Microsoft, on the other hand, slapped a $299 price tag on the Xbox Series S because, yes, it is less powerful than the Xbox Series X. The $499 Series X has a GPU that's three times more potent than its cheaper counterpart. The Series X also has 6GB of more RAM, which means that it can handle multitasking processes better than the Series S. 

PS5 Digital Edition vs. Xbox Series S

Xbox Series S (Image credit: Microsoft)

It's also worth noting that the Series S has only 512GB of storage compared to the Series X's 1TB of storage. This won't be enough if you play storage-hungry games like Call of Duty: Modern Warfare, which requires over 200GB of storage. On the plus side, the Xbox Series S has a slot for a 1TB expansion card. See our comparative specs chart between the Xbox Series S and Series X below for reference.

Xbox Series X vs. Xbox Series S specs
Xbox Series X Xbox Series S
Price $499 $299
CPU Custom AMD Zen 2 8-core @3.8GHz (3.66GHz with SMT) Custom AMD Zen 2 8-core @3.66GHz (3.4GHz with SMT)
GPU AMD Navi RDNA 2 with 52 CU @1.825GHz AMD Navi RDNA 2 with 20 CU @1.565GHz
GPU Power 12.15 Teraflops 4 Teraflops
RAM 16GB GDDR6 10GB GDDR 6
Memory bandwidth 10GB at 560 GB/s, 6GB at 336 GB/s8GB at 224 GB/s, 2GB at 56 GB/s
Storage 1TB PCIe 4.0 NVMe SSD 512GB PCIe 4.0 NVMe SSD
Expandable storage 1TB Proprietary expansion card, USB 3.2 HDD support 1TB Proprietary expansion card, USB 3.2 HDD support
I/O Throughput 2.4 GB/s (raw), 4.8 GB/s (compressed) 2.4 GB/s (raw), 4.8 GB/s (compressed)
Disc drive 4K UHD Blu-RayNone
Performance target 4k 120fps, 8K 60fps 1440p 120fps
Backwards compatibility Xbox One and supported Xbox 360 and Xbox games Xbox One and supported Xbox 360 and Xbox games

Specs: PS5 Digital vs Xbox Series S

Let's compare the specs of the two all-digital consoles. Packed with a 4-teraflop GPU, the Xbox Series S has less than half the graphics power of the PS5 Digital Edition's 10.28-teraflop GPU. The PS5 Digital Edition also has 16GB of memory compared to the Series S's 10GB of RAM. Out of the box, the PS5 is equipped with 825GB of storage while the Series S only has 512GB of storage. Interestingly, the Series S's processor is 0.1-GHz speedier than the PS5's 3.5-GHz CPU.

PS5 Digital Edition vs. Xbox Series S

Xbox Series X compared to the Xbox Series S (Image credit: Microsoft)

The Xbox Series S has a performance target of 1440p resolution at 120 fps and supports 4K upscaling. The PS5 Digital Edition, on the other hand, has a performance target of 4K resolution at 60 fps and supports 8K upscaling.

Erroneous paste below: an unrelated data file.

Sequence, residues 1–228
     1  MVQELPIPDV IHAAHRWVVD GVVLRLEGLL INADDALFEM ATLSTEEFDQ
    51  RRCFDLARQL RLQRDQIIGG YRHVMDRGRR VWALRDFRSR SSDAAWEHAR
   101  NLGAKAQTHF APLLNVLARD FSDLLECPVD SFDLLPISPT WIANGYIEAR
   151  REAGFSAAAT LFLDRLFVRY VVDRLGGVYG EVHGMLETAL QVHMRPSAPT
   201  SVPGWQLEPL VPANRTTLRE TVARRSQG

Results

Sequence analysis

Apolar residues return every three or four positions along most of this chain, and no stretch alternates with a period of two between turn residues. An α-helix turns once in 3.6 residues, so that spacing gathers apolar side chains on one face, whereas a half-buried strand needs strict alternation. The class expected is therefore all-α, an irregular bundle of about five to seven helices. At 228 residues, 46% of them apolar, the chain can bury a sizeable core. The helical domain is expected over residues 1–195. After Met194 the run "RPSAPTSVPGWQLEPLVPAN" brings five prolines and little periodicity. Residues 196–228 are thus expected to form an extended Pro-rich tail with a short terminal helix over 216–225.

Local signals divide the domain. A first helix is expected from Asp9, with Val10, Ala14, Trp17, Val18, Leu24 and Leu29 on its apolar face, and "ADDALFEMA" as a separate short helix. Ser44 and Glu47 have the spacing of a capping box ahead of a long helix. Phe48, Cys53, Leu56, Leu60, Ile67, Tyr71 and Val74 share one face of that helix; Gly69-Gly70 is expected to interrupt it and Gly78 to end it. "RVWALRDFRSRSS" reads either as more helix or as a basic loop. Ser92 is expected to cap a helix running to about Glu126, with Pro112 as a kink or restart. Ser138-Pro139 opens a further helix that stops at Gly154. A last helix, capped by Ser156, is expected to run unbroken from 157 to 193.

Design: PS5 Digital vs Xbox Series S

PS5 Digital Edition vs. Xbox Series S

The PS5 Digital Edition on the left. (Image credit: Sony)

The PS5 Digital Edition looks similar to its disc-equipped sibling, but thanks to the absence of an optical drive, it has a sleeker form factor. It has a sci-fi, futuristic vibe with a black core sandwiched between a white shell. In my opinion, the PS5 looks like a Dubai skyscraper that a tech CEO would live in. The PS5 Digital Edition has dimensions of 15.3 × 3.6 × 10.2 inches and it weighs 8.6 pounds.

Some say the Xbox Series S looks like a washing machine with its circular black grille and white slender body. 

PS5 Digital Edition vs. Xbox Series S

Xbox Series S (Image credit: Microsoft)

According to Microsoft, the Xbox Series S is 60% smaller than the Xbox Series X. Its dimensions are 5.9 × 2.6 × 11 inches and it weighs 4.3 pounds.

Who is the PS5 Digital Edition for? 

The $399 PS5 Digital Edition is for folks who want an all-digital library. You'll still get all the power that the disc-version PS5 has, but you're limited to digital downloads. If you have physical copies of PS4 games that you'd like to test on the PS5, the standard PS5 console is the best option for you.

The PS5 Digital Edition is also for those who don't mind spending an extra $100 to snag a machine that is far more powerful than the Xbox Series S. Lastly, the PS5 Digital Edition is optimal for gamers who prefer PlayStation exclusives like the beloved The Last of Us series.

Who is the Xbox Series S for?

The $299 Xbox Series S, like the PS5 Digital Edition, is for folks who don't mind having an all-digital experience. It's also for those who cringe at the thought of spending $500 for a console, and they're fine with sacrificing some GPU power, storage, native 4K resolution support, RAM, and of course, a disc drive. 

Still, you can experience a slice of the next-gen experience with the Series S's ray tracing capabilities and solid-state drive, which should help cut back on load times.

Lastly, if you are partial to Xbox exclusive,s such as Halo: Infinite, you should consider getting the Xbox Series S.

The $399 PS5 Digital Edition will hit store shelves on November 12 while the $299 Series S will be available on November 10. The PS5 is currently accepting pre-orders (if you can snatch one in stock) and pre-orders for the Xbox Series S will go live on Sept. 22.